When properly trained and socialized, most pets pose no threat, but one or more of a potential host of mistakes by negligent pet owners can allow a dog to quickly become dangerous. Even if a dog has never shown aggression before, fear can put him in defense mode and prompt a bite.
This means that, when an owner fails to restrain a dog, even one who has previously been non-aggressive, this can cause significant harm to people and other pets, including through bites that puncture the skin, which in turn can cause permanent scarring and/or serious infection and disease.
Throughout this page of content, we will often refer to dog bites, doing so because the majority of animal bites are from dogs. Having said that, owner liability after a bite is not limited to ones inflicted by a dog.
In short, if you or a loved one are a victim of an animal attack, whether it’s from a dog or other animal, seek medical treatment immediately. Then, contact our experienced animal bite attorneys online or call us at 904.251.1111 to schedule a free consultation about your situation.
Animal bite law is a niche type of personal injury law, one where an animal harms a person. This is considered a form of tort law, because an injury takes place for which the victim may be able to receive compensation. As mentioned before, the animal involved is usually a dog, but this is not always the case.
Dog bite law, overall, is a blend of:
In Florida, there is a statute that’s specific to dog bites, and that’s statute FLSA 767.04. This states that the owner of a dog is liable for another person’s injuries if the dog bites him or her when that person is in a public place, or lawfully in a private one.
Although this statue refers specifically to dog bite injuries, if you were injured in another way by a dog, you may be able to receive compensation. Animal law is complex, which is why it makes sense to seek legal counsel if injured in this way. Another reason to react promptly is because Florida has a statute of limitations that limits the time frame you have to file a lawsuit to recover damages from an animal bite.
Because Florida is a strict liability state with dog bite law, the owner could be held liable for the injuries, even if he or she had no reason to believe that the dog might bite. Having said that, there are defenses that a dog owner might use against an injury claim you might have. The law requires the injured person, for example, to lawfully be where the bite occurred, so the animal owner might dispute that this was the situation.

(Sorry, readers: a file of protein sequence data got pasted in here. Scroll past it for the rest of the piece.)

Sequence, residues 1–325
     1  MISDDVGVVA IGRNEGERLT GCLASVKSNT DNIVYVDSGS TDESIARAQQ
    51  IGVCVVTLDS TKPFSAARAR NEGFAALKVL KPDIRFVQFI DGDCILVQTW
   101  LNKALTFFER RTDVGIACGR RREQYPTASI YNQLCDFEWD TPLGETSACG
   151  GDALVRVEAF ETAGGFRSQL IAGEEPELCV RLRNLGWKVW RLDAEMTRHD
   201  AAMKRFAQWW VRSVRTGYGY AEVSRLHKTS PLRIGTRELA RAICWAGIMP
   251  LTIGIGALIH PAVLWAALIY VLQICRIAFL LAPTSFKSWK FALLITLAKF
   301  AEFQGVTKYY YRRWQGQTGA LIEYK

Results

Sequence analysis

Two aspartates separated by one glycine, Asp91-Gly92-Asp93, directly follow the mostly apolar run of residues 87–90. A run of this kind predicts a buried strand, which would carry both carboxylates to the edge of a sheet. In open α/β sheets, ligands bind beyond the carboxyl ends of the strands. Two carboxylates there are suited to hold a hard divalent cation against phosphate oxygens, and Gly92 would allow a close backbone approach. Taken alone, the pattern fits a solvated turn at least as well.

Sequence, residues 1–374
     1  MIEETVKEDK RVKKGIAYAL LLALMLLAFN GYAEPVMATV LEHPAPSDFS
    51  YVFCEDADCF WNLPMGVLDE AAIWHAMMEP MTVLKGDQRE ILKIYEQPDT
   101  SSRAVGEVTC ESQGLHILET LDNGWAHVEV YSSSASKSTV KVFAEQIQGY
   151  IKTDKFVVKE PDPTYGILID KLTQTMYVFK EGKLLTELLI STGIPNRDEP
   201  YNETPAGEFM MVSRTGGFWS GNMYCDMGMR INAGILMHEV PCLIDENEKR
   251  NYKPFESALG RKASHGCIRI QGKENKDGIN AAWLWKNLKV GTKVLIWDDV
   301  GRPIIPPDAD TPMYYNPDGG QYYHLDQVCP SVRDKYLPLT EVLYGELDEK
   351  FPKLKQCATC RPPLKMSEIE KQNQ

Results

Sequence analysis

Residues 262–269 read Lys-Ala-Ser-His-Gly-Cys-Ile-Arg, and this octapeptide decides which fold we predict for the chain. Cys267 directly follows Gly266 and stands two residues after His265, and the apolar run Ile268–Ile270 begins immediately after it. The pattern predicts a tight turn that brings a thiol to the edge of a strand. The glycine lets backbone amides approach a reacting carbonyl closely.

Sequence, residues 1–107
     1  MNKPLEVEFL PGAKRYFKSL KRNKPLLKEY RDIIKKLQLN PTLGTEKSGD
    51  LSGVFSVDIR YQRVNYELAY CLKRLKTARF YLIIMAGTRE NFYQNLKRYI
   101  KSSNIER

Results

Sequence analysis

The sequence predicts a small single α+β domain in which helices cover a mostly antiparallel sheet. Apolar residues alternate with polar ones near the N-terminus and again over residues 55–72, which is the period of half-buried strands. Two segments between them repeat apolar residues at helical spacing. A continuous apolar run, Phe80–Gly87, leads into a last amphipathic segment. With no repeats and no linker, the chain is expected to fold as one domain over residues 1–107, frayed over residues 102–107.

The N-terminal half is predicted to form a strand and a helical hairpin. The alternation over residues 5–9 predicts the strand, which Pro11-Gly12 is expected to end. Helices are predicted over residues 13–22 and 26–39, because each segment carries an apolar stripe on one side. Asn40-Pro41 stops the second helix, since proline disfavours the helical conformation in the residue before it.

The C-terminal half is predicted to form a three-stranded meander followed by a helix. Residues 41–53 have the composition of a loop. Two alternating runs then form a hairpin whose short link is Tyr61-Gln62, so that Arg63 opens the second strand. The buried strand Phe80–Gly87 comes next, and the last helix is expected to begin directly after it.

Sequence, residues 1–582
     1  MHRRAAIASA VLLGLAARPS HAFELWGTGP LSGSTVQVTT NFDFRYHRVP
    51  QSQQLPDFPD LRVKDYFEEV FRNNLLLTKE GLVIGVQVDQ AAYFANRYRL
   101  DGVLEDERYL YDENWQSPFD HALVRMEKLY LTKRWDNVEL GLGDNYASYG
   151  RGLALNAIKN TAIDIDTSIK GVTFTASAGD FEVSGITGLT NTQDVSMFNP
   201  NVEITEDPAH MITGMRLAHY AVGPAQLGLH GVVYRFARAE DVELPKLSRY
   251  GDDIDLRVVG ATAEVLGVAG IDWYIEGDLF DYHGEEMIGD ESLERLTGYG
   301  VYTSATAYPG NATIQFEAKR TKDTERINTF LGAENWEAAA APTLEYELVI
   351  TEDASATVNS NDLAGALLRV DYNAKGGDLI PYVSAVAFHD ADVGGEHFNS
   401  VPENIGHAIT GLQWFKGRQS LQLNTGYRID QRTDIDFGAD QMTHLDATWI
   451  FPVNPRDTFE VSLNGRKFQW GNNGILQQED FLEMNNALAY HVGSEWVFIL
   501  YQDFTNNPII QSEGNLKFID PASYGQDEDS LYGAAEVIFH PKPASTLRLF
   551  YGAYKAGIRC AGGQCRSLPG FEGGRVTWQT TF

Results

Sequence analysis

Plus, there is the concept of comparative negligence. This means the dog owner might claim that you, the injured party, are partially to blame for the bite and subsequent injury. If the legal system agrees, then damages paid to you would be reduced by the percentage of blame assigned to you.
Some states ban specific breeds of dogs, but Florida doesn’t do that, distinguishing instead between dangerous and non-dangerous dogs based upon each animal’s behavior. Also, note that Florida law requires pet owners to keep their dogs’ rabies vaccinations current.
Because animal bite laws are complicated, it makes sense to seek legal counsel early in the process. This is true, overall, but even more so if extra complications exist.
This could be the case if, say, a landlord knew that his tenant had an aggressive dog, but didn’t address the situation appropriately, and then the dog attacked someone. Or, what if you were bitten while working? Is that a worker’s compensation situation or does it fall until animal bite laws? These are the nuances that our animal bite attorneys are highly experienced in investigating and resolving, advocating for our clients throughout the process. As yet one more scenario, what if you have reason to believe that the owner was provoking the dog into an attack?
We invite you to contact one of our dog bite attorneys to schedule a free consultation. Or, call us at 904.251.1111.
Pet owners, attack victims, insurance carriers, and government officials may very well disagree about what defines a dangerous dog—but we’re discussing the definition that matters in the eyes of the law.
Florida law defines a “dangerous dog” as one that has, at any one time, “severely injured or killed a domestic animal (dog, cat, ferret, rabbit or bird) while off the owner’s property.” However, in most instances, if you or a loved one are attacked by a dog, it doesn’t matter if the animal has previously bitten someone or whether the animal is on or off the dog owner’s property.
Bottom line, owning a pet comes with many responsibilities—including to keep others safe from their pets. When that doesn’t happen, and you’re injured, it’s reasonable to receive full and fair compensation.
Bites by dogs account for up to 90 percent of all animal bites, according to experts, with 4.5 million of them happening every year in the United States alone (some believe this estimate is significantly too low). Although some bites are minor, more than one million people each year need emergency medical care for the bites—and 27,000 of these bites, annually, are severe enough for the victims to require reconstructive surgery. Injuries may go far beyond skin punctures to involve “muscles, bones, nerves, and blood vessels.”
If bitten by a dog, the potential for infection is “extremely high,” as well, with common bacterial infections, post-bite, including Streptococcus, Staphylococcus, and Pasteurella.